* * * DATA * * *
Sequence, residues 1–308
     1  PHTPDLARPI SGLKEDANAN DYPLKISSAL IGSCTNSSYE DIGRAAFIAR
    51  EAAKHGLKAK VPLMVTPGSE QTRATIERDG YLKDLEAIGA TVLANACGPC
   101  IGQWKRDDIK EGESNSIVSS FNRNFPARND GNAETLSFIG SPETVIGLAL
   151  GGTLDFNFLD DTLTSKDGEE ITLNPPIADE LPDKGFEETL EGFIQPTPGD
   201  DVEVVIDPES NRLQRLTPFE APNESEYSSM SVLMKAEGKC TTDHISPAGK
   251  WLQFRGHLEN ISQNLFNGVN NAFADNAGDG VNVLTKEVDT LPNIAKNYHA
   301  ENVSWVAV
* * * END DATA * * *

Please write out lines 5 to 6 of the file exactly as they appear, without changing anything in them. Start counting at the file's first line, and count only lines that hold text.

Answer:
   151  GGTLDFNFLD DTLTSKDGEE ITLNPPIADE LPDKGFEETL EGFIQPTPGD
   201  DVEVVIDPES NRLQRLTPFE APNESEYSSM SVLMKAEGKC TTDHISPAGK